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SUBSERVIENCY TO BRITISH CRITICISM. -- An article has lately appeared in "Blackwood's Magazine" which will have at least one important effect, if only a collateral one. It will aid us "uncultivated Americans" in shaking off some very little of that awe of British critical opinion on topics of light literature, which hitherto has appeared to humble us in the dust. The paper in question is a review of the late poems of Elizabeth Barrett, and we should take it to be the work of Christopher North himself, were we not aware that he has retired upon his laurels. At all events, it has many of his peculiarities both of thought and diction. It is full to the brim, however, of merely verbal criticisms, involving a series of positive blunders and misconceptions of the author's meaning -- absurdities of which there are few American schoolboys who would not feel ashamed. We hold it as impossible that any of our critics, of equal dignity, could have perpetrated in the same space as many niaiseries.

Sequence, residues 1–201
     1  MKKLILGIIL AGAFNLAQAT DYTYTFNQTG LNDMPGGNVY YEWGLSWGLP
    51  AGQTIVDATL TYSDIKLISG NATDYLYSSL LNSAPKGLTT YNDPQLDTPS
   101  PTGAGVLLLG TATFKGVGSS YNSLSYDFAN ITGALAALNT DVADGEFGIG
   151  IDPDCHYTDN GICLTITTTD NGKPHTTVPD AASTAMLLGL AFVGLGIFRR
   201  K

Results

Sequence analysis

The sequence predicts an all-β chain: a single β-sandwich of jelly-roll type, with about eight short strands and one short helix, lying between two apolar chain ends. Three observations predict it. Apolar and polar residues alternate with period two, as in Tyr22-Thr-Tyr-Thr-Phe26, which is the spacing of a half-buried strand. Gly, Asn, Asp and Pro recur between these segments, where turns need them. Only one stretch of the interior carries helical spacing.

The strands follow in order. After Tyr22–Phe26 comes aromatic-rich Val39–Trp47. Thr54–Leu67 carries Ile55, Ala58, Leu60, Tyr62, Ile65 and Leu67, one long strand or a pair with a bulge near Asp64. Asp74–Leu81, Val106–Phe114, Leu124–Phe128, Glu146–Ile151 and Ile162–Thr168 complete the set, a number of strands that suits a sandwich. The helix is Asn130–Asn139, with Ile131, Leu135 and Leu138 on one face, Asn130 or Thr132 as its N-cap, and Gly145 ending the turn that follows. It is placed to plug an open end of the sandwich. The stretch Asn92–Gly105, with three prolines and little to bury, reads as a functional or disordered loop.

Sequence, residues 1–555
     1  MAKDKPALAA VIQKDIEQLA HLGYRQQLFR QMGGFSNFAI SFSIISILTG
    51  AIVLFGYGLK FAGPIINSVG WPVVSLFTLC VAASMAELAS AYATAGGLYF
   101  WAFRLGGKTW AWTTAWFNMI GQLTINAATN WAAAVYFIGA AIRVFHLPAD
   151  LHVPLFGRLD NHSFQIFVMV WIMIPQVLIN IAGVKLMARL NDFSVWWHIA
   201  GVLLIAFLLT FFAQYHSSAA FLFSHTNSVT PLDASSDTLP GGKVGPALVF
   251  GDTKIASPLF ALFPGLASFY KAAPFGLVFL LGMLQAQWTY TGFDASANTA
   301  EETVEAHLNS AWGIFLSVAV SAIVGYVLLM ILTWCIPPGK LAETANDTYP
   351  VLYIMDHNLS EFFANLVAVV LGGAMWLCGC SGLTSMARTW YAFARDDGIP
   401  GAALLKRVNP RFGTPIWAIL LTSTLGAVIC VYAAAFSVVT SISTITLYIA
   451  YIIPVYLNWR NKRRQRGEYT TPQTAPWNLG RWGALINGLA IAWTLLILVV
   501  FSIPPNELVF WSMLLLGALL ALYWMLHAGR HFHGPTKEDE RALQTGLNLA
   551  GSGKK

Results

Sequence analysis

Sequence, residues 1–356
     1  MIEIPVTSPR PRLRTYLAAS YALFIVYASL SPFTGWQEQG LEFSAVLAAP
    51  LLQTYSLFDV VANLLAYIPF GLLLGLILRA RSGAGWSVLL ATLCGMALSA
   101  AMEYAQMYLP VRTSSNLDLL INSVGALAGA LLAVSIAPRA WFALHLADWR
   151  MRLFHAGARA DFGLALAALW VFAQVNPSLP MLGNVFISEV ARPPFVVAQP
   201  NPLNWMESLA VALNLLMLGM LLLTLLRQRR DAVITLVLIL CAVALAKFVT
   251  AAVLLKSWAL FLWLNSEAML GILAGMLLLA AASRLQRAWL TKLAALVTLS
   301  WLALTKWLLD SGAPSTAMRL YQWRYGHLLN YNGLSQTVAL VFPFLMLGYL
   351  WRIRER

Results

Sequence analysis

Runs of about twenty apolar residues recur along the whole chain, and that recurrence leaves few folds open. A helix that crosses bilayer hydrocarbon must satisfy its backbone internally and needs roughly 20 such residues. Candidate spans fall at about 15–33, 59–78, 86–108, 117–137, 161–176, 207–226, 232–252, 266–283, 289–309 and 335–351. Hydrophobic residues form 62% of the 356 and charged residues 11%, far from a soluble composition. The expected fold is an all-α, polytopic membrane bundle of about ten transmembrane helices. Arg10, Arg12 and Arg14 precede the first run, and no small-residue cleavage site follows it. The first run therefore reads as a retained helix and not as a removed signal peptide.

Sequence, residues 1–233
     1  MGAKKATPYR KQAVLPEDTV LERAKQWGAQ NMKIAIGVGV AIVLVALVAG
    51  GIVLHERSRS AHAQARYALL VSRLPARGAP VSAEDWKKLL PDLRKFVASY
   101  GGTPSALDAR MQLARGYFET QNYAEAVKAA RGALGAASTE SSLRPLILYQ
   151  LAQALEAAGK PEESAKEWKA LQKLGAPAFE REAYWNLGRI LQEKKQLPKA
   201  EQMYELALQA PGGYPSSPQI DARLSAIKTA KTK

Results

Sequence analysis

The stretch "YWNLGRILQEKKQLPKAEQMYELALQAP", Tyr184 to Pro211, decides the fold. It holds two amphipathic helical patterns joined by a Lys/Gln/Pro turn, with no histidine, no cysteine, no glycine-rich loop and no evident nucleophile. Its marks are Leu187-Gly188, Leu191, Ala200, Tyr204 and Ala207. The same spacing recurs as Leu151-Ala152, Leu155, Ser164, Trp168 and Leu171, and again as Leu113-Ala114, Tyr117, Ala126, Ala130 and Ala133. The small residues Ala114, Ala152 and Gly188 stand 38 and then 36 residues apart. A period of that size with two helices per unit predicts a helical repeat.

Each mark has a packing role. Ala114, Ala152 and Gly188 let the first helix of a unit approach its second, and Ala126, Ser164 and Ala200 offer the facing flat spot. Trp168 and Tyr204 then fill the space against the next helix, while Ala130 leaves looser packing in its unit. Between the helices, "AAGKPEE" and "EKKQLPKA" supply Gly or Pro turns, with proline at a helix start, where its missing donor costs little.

[This item was attributed to Poe by T. O. Mabbott. Mabbott's notes at the University of Iowa mention the use of "niaiseries," a word which Mabbott considers a tell-tale mark of Poe's hand. Poe also commented several times about the unreasonable criticisms by Christopher North (the pen-name of Professor John Wilson of Blackwood's Magazine). In his Broadway Journal review of Miss Barrett's poems (January 4, 1845), Poe notes the review in Blackwood's, complaining, "and this is the criticism -- the British criticism -- the Blackwood criticism -- to which we have so long implicitly bowed down!"]
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